Driving back through the Transkei was as pleasant as the previous day. We arrived at the Kei River Ultra City just before hunger overcame us, and enjoyed the most amazing Steers burger ever to be made in the history of mankind. (Hunger will do that to any food.) Then we set off towards Graaff-Reinet. We had to leave the N2 almost immediately after crossing the Kei River. Just before the turn, a road sign indicated that King Williams Town was 120km away. About 6km after we had turned onto the R63, the distance had shrunk to a mere 78km on another road sign. Apparently, we were travelling in another dimension, which was another first for both of us on this trip. If we had a bucket list, we could tick that off.
But the fun was not over yet. Today we tried our best not to learn that barrier lines were not meant to be obeyed. To some drivers, those are merely decorative elements meant to cheer up the somber dark grey colour tones of the tar roads which connect our towns and cities. On the way towards King Williams Town, we were passed on a hill by a police vehicle from the East London Metro Police. This was of course not the only misbehaving driver on the route, but we have always had this weird thought that police members don’t endanger the lives of the citizens they serve.
As it was the last day of the longest long weekend in the year, the roads were extremely busy, but after Alice the traffic decreased significantly, and we started enjoying the drive much more.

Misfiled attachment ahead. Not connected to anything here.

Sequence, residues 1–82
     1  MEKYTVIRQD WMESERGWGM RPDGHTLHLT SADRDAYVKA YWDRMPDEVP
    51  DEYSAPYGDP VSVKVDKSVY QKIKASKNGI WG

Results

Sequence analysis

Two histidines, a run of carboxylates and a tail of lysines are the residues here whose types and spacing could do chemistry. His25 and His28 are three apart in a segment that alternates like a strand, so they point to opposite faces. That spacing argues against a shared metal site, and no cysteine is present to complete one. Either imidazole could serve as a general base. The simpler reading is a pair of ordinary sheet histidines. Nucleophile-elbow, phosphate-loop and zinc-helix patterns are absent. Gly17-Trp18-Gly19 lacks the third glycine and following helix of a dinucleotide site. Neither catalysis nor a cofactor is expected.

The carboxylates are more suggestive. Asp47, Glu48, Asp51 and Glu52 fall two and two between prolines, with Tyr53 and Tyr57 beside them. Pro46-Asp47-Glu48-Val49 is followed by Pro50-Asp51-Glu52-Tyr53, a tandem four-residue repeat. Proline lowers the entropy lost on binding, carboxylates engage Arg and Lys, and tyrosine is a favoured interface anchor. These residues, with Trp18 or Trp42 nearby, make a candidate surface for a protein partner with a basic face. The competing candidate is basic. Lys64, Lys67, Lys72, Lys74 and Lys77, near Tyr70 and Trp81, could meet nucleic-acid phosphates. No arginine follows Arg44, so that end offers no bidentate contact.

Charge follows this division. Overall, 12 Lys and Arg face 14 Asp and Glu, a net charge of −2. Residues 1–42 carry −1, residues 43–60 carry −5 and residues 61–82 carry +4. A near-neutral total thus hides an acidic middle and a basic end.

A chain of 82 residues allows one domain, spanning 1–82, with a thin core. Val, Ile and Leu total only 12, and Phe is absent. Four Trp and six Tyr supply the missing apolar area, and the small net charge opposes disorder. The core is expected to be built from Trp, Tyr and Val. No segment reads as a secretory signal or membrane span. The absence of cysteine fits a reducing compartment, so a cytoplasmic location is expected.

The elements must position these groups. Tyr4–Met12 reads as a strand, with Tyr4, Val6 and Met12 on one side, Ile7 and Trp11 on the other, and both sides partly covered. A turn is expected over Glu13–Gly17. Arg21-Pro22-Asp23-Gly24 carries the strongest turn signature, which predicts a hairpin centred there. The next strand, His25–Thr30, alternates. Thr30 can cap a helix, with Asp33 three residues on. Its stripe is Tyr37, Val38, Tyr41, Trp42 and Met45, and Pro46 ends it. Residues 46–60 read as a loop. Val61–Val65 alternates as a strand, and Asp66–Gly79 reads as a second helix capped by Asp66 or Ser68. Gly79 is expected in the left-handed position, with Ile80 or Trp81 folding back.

Soon we experienced another first, and the non-existent bucket list could be checked again. Between Adelaide and Cookhouse we saw the sun setting four times and rising three times in one afternoon. The hills are the cause of this phenomenon, of course. Each time the sun sets behind a hill, we follow the road around its corner, only to glimpse a sunrise. As we creep towards the next hill, the sun sets again, only to rise around the next bend. Time-space warp? No, just another quirky corner of Creation.
Sometime during the day That-man started a conversation which has not yet been resolved. He asked me this question: “Which town is the capital of the Karoo?” To me, this is an impossible question, and even though we tried to gather opinions from our friends on social media, the matter is in no way settled.
Just before Graaff-Reinet, we turned onto the R75, and arrived at our home for the night, Jesa Accommodation and Caravan Park, in Adendorp. What a pleasant experience. We had expected an en-suite room, but received a whole apartment. What luxury. The proprietors were friendly, even though we’d booked at the last minute, and were a great source of recommendations for things to do in and around town.
We left for Graaff-Reinet to take some night pictures of the church, had some dependable two-for-one-Monday-burgers at the Spur, and went to bed. Another busy and blessed day had passed.